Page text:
Harini said she’ll save some of it for college — she dreams of going to Stanford University and studying medicine and business — and she hopes to learn how to invest in the stock market. But she also wants to create a fund “to help students in disadvantaged areas where they don’t have access to bees even if they want to”.
Finalist Vikram Raju, 12, had a different opinion regarding his $25,000 prize.
“I don’t know what to do with it yet,” he said, “because I don’t really know what to do with my money.”
Texas’ Harini Logan wins National Spelling Bee in first-ever spelling
Both spellings had been here before. Vikram, of Aurora, Colorado, tied for 51st in 2019 and 21st last year. Harini, a San Antonio native, tied for 323rd in 2018, 30th in 2019 and 31st in 2021. She had seen the 2020 contest canceled due to the pandemic, and the 2021 contest made partly virtual .
“There’s definitely a gravity about my fourth and final time,” Harini said on Friday, after three days of competition at National Harbor. “I’m so lucky and grateful to have my last bee in person.”
As the winner, Harini will receive $50,000 in cash, a commemorative medal and the official Bee Championship trophy; $2,500 in cash and a reference library from Merriam-Webster; and $400 worth of reference works from the Encyclopaedia Britannica. Vikram will receive a medal and the $25,000 cash.
Prizes are not the only reward. To breakfast Thursday, the finalists were told they would be heading to the White House on Friday and “erupted into cheers,” said Corrie Loeffler, editorial director of the Scripps National Spelling Bee. (The Bidens weren’t home, but it was “awesome,” Vikram said.) On Friday evening, there will be a banquet, awards ceremony and farewell party at the Gaylord National Resort & Convention Center. As tradition dictates, the festivities will end with a dance party.
The bee stretched late into the night on Thursday, culminating in the first spell in the competition’s history, between Harini and Vikram. The spell provision was added last year, Loeffler explained, although it hasn’t been used. Part of the rationale, she said, was that the contestants had studied “thousands and thousands of words” to be quizzed on a handful, so a rapid-fire tiebreaker would give them “the greatest possible chance to show how much they have learned.”
Another part of thinking, especially for young children who were still spelling as midnight approached: “At some point,” Loeffler said, “the competition has to end.”
The finalists had rehearsed for a spell, she said, and knew it was a possibility.
“It was looming,” said Harini, who had started practicing speed spelling a month or two before the competition. “Certainly, I was a bit anxious, and the fact that it was actually a spell was a bit surreal.”
Vikram went first and nailed 12 spellings to start, from “spealbone” (“the shoulder blade used by magicians or healers in divination”) to “teosinte” (a herb from Central and South America), finishing with 15 correct out of 19 attempted words.
Harini threw the same 12 to start, but she operated at a faster pace, reaching 26 words in total and spelling 22 correctly. His last seven words, which Vikram never reached, ranged from “chorepiscopus” (a Catholic bishop’s rank) to “moorhen” (a red-billed waterfowl).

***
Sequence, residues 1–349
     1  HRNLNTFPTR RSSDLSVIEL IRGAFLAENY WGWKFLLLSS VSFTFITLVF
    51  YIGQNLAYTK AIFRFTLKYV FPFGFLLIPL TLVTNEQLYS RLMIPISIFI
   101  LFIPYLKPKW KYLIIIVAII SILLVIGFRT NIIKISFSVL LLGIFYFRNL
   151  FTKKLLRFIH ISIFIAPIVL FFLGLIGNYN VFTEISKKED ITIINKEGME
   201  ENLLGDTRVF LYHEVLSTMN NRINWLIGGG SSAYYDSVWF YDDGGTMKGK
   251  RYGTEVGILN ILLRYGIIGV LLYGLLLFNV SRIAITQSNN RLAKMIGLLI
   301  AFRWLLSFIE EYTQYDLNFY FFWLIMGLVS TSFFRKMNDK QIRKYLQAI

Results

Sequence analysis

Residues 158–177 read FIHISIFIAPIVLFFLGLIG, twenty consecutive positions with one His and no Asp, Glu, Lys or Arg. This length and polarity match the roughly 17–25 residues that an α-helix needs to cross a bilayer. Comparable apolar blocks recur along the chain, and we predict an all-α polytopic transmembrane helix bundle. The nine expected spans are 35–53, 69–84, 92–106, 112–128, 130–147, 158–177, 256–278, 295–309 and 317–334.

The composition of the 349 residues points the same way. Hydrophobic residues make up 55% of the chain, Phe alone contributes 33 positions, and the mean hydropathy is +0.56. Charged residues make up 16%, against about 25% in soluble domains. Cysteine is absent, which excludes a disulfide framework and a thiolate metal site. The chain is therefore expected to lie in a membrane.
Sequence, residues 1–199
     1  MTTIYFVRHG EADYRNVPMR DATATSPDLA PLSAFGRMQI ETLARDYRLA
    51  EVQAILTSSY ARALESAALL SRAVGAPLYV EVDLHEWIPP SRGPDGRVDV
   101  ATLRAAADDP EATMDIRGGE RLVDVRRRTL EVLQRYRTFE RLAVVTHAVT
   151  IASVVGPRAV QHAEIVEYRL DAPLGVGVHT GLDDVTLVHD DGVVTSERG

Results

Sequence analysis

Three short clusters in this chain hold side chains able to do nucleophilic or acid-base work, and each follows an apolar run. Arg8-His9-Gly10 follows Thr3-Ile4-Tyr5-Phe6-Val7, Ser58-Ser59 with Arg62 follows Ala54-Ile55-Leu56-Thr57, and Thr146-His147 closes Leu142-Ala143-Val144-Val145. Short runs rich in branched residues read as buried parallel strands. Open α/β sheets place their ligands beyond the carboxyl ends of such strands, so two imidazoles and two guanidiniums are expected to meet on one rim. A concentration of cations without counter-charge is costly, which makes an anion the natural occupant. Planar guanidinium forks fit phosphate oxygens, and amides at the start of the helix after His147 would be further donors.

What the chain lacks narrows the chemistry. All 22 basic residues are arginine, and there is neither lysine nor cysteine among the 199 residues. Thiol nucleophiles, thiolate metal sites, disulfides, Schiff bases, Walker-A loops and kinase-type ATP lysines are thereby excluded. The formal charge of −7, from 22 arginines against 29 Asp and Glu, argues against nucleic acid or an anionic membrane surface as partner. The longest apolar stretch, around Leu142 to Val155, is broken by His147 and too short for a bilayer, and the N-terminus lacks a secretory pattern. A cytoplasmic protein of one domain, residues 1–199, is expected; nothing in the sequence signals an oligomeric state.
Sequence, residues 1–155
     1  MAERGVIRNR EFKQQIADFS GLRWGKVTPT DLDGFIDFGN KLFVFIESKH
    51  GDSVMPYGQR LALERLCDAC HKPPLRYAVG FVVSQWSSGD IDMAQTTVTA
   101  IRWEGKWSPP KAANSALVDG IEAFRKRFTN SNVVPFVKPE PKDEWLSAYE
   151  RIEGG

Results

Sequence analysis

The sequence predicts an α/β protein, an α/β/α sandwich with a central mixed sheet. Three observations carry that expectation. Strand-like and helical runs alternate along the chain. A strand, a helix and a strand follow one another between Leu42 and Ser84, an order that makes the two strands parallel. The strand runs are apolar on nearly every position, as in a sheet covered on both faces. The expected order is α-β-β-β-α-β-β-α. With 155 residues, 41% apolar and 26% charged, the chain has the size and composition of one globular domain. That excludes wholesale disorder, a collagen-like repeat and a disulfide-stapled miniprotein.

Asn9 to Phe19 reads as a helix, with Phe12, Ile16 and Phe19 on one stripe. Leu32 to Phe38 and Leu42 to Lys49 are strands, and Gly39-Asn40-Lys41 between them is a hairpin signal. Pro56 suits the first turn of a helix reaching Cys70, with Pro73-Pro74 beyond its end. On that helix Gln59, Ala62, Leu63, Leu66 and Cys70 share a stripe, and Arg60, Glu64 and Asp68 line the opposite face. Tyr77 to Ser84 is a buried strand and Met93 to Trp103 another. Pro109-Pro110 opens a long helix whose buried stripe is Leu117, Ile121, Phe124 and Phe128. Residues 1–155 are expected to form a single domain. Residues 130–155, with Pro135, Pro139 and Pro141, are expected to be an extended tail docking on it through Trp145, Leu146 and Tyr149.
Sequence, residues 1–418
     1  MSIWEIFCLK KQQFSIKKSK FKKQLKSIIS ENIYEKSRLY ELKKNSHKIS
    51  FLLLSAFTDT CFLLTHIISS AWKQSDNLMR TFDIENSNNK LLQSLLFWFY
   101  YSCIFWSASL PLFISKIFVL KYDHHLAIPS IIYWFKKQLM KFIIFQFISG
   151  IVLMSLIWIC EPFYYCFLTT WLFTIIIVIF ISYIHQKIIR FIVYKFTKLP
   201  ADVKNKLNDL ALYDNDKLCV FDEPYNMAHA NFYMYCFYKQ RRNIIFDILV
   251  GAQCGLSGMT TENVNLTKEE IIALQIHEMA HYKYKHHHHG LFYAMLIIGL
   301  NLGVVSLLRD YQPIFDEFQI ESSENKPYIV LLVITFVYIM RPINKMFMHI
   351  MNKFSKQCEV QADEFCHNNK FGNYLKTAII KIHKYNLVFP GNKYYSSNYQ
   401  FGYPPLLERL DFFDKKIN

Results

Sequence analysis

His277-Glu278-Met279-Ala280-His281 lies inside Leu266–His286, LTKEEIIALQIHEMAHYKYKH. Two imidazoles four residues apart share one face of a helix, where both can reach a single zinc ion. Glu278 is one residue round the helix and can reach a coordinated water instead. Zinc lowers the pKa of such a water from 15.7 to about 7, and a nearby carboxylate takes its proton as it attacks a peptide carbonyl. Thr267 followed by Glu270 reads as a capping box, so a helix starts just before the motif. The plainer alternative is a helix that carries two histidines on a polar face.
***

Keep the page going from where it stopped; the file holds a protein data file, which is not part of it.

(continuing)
Vikram and his family planned to stay in DC until Sunday, after exploring some Smithsonian museums, his mother, Sandhya Ayyar, said. A few Colorado news outlets asked to meet him at the airport when he landed, Ayyar said; he was asked to fill in as a meteorologist for a day. He’s thinking, he said.
“You know, it’s been a crushing roller coaster,” Ayyar said. “He was overwhelmed, but I think he realized then what he achieved last night and he feels proud of himself.”
“This year, I didn’t even expect to be a finalist,” Vikram said, adding, “I kind of learned my true potential through the bee. So that’s a very important thing that the bee taught me: she really taught me not to underestimate myself. »
Zaila Vanguard, last year’s bee winner and the competition’s first African-American champion, had prepared for a spell last year, she said, and had always thought it would be exciting to watch one. Sitting in the audience Thursday night in Maryland, “Listening to them both was really impressive,” she said.
“It’s suspenseful, edge-of-your-seat moment,” said Zaila, a 15-year-old basketball player who recently moved to the district from Louisiana. “It’s great for television.”
Zaila Vanguard wins the 2021 National Spelling Bee, becoming her first African-American champion
She said she loved that the “unnerving” spell was such a different beast from the traditional format, which allows spellers to deliberate and ask questions. And she was “super happy” for Harini, who she spoke with earlier in the competition.
“I was actually crying when she won and the confetti fell,” Zaila said.
Harini credited his mother’s coaching for his win. His advice to other spellings? Work hard, don’t let your nerves get to you and “be proud of yourself. It doesn’t matter how far you come. Just realizing that you did your best.
Now Harini plans to take some time off to relax. “This will be my first summer in many years without spelling,” she said.
Vikram, meanwhile, has vowed to return next year. “I’m hopeful that I can maintain my ranking and even become first,” he said.
After all, he’s only in fifth grade, so he still has a chance.